Rating: 3 out of 5
In Graham Masterton’s horror story Heirloom, an antiques dealer comes into possession of a huge throne-like chair that seems to have hypnotic effects. When it seems to move on its own from the garage to the library, it doesn’t take long for Rick, his wife Sara, and their son Jonathan (6) to realize that they aren’t imagining things. Time dilates in odd ways, all of the living things on their property start to die off as if summer has turned to fall, and after their dog sits on the chair he becomes very ill. Rick tries to get rid of the chair, but it always returns–and when he starts hearing its voice in his head, it threatens his family. Finally he meets David, who wants the chair and knows a few things about it. Now they just have to figure out how to get it to stop returning to Rick!
The story behind the chair is actually pretty interesting, as is what it’s up to right now. Rick’s inability to get rid of the chair, coupled with its threats toward his family (most particularly six-year-old Jonathan), keep things quite tense.
One thing I didn’t like is that as far as I could tell, pretty much every worker in a service job was Mexican or something else similar, while everyone not in a service job was white. It was so matter of fact that it felt like the author just assumed that this was naturally the proper place and context for non-whites. There were one or two other little details that left me feeling there was a tinge of xenophobia to the book.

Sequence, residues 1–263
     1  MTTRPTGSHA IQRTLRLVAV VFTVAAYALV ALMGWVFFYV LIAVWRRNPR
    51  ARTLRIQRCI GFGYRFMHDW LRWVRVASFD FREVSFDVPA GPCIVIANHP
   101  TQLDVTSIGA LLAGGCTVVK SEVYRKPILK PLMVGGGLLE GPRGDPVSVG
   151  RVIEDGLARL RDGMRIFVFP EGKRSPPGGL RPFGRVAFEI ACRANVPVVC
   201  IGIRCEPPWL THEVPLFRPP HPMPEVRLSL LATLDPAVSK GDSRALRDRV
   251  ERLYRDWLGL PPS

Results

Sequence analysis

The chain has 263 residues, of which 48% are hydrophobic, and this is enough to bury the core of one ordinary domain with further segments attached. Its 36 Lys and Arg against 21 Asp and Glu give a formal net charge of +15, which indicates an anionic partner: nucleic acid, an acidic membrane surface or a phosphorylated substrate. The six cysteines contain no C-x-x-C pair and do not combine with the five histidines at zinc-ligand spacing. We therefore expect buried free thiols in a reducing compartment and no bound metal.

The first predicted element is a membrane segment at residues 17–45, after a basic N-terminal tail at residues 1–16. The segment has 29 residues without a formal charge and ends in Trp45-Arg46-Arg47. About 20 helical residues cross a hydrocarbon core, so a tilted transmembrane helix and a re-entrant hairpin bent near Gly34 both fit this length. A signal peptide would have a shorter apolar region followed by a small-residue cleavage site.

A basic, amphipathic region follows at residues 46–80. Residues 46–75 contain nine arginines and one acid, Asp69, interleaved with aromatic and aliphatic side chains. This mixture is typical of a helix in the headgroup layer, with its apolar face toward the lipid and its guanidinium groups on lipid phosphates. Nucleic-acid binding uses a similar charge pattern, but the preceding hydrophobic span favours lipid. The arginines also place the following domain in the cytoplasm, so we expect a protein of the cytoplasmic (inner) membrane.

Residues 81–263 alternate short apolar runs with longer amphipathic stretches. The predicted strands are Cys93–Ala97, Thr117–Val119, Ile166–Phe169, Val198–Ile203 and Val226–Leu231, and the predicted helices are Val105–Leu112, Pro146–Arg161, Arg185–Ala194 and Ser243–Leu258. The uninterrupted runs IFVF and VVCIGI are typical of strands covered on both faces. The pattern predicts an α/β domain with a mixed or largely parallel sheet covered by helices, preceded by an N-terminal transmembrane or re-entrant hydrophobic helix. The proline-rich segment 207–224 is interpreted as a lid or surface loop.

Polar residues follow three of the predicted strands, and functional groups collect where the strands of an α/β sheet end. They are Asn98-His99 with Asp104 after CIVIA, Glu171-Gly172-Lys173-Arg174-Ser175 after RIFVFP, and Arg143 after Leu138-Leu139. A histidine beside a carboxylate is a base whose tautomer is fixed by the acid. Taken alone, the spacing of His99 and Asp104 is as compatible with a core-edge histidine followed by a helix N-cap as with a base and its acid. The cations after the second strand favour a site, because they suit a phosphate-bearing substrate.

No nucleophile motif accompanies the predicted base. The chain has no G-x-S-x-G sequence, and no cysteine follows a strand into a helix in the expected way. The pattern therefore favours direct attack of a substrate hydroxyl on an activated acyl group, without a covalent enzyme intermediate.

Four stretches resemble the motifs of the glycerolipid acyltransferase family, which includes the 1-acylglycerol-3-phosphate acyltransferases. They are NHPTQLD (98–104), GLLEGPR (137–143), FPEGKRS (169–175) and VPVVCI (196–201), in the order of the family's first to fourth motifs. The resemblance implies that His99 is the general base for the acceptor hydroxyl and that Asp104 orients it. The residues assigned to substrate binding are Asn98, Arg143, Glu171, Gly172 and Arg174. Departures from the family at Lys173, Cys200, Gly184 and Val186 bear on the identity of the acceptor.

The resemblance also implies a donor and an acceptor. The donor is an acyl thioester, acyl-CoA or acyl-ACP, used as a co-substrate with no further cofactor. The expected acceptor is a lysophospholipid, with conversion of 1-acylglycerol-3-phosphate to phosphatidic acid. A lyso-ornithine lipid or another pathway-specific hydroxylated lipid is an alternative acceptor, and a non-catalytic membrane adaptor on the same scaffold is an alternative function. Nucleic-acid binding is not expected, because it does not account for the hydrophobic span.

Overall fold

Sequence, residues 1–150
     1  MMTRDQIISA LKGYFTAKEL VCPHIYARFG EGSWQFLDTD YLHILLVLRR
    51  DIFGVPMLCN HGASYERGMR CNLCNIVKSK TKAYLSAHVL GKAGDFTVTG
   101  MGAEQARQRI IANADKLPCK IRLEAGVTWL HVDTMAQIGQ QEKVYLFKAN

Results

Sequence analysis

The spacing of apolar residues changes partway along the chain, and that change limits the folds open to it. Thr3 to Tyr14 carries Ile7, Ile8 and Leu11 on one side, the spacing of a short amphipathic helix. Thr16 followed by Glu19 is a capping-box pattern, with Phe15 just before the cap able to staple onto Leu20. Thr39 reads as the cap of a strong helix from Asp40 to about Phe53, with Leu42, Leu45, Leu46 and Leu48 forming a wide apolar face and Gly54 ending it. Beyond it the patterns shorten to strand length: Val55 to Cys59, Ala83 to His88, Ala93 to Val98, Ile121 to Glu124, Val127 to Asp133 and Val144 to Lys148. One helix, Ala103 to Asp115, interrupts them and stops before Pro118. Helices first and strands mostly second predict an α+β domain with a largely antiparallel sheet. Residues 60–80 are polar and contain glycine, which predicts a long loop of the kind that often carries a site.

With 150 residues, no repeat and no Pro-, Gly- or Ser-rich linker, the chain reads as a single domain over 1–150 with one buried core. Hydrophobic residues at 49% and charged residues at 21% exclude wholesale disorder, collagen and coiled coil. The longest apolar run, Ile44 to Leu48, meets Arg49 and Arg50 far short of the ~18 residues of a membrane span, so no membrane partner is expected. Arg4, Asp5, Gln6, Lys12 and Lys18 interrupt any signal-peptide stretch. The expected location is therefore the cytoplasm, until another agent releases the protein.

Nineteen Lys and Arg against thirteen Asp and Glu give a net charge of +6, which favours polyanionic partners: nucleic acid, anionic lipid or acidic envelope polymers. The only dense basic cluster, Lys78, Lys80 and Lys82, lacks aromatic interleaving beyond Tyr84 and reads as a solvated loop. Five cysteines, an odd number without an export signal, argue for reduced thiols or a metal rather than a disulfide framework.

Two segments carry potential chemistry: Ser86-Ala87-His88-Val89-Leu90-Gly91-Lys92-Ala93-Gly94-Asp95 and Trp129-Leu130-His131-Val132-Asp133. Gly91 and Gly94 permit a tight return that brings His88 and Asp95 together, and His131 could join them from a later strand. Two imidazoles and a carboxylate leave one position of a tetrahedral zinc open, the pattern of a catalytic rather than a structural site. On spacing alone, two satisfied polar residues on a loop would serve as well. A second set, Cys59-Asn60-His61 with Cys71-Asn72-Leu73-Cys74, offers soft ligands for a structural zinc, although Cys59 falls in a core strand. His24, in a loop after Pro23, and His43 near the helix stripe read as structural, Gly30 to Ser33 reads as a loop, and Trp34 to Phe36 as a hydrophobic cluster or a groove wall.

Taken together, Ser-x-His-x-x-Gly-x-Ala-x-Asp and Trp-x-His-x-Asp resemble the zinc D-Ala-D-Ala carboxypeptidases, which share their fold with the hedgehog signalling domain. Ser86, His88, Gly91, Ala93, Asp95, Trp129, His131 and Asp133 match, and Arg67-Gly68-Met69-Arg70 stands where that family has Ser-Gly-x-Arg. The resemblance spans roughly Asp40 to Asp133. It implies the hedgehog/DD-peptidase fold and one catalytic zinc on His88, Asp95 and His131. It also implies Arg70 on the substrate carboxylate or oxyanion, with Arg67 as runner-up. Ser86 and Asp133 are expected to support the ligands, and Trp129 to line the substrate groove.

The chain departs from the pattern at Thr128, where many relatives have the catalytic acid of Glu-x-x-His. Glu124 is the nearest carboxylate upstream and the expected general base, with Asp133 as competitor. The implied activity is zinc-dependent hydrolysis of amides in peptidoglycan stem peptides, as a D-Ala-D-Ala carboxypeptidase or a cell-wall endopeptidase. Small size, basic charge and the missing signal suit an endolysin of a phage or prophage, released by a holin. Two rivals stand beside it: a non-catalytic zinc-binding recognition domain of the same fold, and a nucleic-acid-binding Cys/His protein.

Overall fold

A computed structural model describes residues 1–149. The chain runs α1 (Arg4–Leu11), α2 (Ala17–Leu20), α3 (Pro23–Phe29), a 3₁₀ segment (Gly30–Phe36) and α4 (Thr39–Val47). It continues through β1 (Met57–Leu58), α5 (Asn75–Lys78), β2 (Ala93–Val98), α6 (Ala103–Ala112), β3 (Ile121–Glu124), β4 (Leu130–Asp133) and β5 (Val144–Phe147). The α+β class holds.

Rick apparently met Sara in college. Instead of simply walking up to her and asking her out, he deliberately rear-ended her car. That’s seriously some stalker-level crud, and risked injuring her because it doesn’t take a high-velocity crash to potentially cause whiplash. Yet it isn’t treated as though his actions were in any way bad.
There’s an odd moment where in the midst of all the building horror, Rick and Sara take a break to argue about whether he shaved. I realize this was to indicate that time had, in fact, jumped forward for them, but it was incredibly out of place and wasn’t even necessary. I’m also pretty impressed that a person could get flung back and forth all around a room in a house and yet it was easily cleaned up afterward. There should have been blood all over the walls and furniture, and that doesn’t come out so easily.
This starts out as a somewhat personal and claustrophobic horror, but becomes broader and more widely impactful later on. The switch is slightly jarring, but also very interesting. Over all, the horror is great, but the details tended to be problematic. If you don’t care about the details as much, you’ll almost certainly like this book more than I did.
Content note for explicit sex, animal death, and gore. Also, the characters are a bit on the religious side (Christian)–that might make you either more or less interested.